Guardianship is a legal process used to provide protection for adults who are incapacitated. The Probate Code defines an incapacitated person as: “An adult individual who, because of a physical or mental condition, is substantially unable to provide food, clothing, or shelter to himself or herself, to care for the individual’s own physical health, or to manage the individual’s own financial affairs.”
GRSDM supports the belief that the majority of people with intellectual and developmental disabilities (IDD) can manage their own affairs with informal assistance and guidance and do not need a guardian. People with IDD can be supported in many ways to make their own decisions without taking away their rights through a full guardianship.
GRSDM also recognizes that some form of guardianship may sometimes be necessary; however a person should not be presumed to need a guardian simply due to advanced age or the presence of a physical, cognitive and/or mental disability. People should be given the opportunity to avoid or limit guardianship through alternatives.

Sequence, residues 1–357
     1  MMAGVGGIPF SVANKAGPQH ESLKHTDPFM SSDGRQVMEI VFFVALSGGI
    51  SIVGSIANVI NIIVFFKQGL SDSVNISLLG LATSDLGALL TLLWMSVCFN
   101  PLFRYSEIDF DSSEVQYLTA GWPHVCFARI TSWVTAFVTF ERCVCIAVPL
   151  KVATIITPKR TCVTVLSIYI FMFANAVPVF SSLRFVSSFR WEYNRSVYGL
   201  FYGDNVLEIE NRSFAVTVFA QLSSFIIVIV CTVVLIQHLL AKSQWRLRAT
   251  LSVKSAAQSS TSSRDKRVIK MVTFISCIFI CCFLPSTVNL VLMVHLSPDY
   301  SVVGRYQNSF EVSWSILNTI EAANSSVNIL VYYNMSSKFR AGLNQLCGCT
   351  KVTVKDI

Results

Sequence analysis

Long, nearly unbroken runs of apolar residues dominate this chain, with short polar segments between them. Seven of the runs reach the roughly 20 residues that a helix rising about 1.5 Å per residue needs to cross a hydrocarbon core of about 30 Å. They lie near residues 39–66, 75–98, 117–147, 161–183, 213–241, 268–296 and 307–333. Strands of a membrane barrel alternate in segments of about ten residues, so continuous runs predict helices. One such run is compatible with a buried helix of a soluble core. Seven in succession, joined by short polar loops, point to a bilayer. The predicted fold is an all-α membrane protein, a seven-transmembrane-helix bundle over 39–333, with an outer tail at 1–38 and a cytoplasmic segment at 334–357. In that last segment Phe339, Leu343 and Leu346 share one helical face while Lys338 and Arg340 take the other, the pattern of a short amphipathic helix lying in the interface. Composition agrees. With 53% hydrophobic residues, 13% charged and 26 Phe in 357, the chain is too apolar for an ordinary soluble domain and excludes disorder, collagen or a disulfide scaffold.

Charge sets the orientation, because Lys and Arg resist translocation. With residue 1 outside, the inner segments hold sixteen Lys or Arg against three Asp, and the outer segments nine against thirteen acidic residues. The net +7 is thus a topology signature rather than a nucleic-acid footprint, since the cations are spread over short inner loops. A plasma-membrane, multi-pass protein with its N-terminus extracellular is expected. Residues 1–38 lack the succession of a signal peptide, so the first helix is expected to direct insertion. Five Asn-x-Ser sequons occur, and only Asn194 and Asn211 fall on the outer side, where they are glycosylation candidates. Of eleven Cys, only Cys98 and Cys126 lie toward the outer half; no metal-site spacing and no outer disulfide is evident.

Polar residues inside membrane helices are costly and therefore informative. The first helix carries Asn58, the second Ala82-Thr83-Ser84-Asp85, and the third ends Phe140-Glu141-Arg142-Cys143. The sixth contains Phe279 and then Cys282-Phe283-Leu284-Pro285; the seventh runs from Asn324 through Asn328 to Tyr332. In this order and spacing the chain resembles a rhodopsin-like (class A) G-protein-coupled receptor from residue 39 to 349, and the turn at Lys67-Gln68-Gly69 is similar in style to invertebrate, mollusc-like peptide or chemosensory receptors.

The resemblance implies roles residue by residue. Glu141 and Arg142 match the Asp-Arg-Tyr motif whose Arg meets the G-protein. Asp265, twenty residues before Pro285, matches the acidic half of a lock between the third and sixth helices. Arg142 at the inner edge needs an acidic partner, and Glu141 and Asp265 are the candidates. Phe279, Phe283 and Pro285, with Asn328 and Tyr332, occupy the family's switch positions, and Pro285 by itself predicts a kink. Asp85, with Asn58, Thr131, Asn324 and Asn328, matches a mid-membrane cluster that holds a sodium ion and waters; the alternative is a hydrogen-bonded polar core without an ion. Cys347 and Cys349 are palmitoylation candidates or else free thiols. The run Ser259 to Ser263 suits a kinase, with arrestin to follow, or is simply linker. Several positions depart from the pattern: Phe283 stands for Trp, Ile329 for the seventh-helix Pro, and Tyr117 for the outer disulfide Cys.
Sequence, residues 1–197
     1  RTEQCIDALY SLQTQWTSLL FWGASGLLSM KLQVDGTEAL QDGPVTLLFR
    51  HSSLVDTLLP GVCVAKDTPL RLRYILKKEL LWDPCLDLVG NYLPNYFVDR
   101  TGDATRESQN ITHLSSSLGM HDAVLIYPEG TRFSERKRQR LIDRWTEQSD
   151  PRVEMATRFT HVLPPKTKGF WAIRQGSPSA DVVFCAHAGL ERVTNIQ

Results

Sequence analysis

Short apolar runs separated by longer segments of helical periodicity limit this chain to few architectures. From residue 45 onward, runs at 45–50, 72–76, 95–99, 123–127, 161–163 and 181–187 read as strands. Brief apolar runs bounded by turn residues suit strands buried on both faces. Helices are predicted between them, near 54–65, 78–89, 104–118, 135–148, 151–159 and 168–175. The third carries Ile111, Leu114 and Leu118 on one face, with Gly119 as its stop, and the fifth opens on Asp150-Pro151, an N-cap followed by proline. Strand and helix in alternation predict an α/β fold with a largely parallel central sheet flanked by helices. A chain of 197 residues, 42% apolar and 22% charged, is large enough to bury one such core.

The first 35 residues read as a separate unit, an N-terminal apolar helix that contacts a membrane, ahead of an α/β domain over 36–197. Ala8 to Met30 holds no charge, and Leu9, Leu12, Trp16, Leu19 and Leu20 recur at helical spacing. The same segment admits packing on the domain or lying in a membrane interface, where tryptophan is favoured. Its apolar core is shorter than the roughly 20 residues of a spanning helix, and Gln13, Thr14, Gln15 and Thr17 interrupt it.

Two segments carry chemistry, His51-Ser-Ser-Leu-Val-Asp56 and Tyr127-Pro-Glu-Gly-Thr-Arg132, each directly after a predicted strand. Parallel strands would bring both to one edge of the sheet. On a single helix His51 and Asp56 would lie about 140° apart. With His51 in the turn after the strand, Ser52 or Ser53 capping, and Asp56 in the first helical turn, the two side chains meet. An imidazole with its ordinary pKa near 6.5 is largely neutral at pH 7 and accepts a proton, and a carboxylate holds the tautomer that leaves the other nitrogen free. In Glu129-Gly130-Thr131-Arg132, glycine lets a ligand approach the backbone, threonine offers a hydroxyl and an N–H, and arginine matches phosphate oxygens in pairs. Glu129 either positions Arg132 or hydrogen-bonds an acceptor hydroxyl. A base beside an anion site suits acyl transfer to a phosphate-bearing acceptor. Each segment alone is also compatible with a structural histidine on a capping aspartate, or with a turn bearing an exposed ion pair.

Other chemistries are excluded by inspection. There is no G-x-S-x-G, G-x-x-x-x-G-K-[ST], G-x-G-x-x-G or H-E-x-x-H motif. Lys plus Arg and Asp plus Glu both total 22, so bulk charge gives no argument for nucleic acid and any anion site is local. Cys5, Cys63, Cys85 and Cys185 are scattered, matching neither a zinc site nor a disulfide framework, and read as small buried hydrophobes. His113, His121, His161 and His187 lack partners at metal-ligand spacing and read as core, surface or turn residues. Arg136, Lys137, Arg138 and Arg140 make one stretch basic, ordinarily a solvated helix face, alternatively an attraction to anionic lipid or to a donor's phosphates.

During the 84th Texas legislature GRSDM recommended seven policy proposals to promote alternatives to guardianship and improve protections for individuals under guardianship. GRSDM’s proposals built upon the volunteer supported decision making pilot created by the Texas Legislature in HB 1454 in 2009. The pilot provided adults with intellectual and developmental disabilities with trained volunteers who assisted them in making life decisions and remaining independent. GRSDM proposals 3-7 were adopted by the Texas Judicial Council.